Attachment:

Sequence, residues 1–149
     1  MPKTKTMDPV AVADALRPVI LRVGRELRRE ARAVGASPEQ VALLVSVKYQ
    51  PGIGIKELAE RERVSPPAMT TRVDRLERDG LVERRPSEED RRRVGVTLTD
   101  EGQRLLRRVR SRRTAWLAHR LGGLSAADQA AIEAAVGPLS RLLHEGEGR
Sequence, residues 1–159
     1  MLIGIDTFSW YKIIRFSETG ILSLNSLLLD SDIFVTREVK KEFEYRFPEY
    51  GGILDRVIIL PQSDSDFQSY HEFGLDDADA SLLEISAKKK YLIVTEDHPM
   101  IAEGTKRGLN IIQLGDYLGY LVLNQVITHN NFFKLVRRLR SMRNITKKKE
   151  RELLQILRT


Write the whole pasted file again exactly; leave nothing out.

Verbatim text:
Sequence, residues 1–149
     1  MPKTKTMDPV AVADALRPVI LRVGRELRRE ARAVGASPEQ VALLVSVKYQ
    51  PGIGIKELAE RERVSPPAMT TRVDRLERDG LVERRPSEED RRRVGVTLTD
   101  EGQRLLRRVR SRRTAWLAHR LGGLSAADQA AIEAAVGPLS RLLHEGEGR
Sequence, residues 1–159
     1  MLIGIDTFSW YKIIRFSETG ILSLNSLLLD SDIFVTREVK KEFEYRFPEY
    51  GGILDRVIIL PQSDSDFQSY HEFGLDDADA SLLEISAKKK YLIVTEDHPM
   101  IAEGTKRGLN IIQLGDYLGY LVLNQVITHN NFFKLVRRLR SMRNITKKKE
   151  RELLQILRT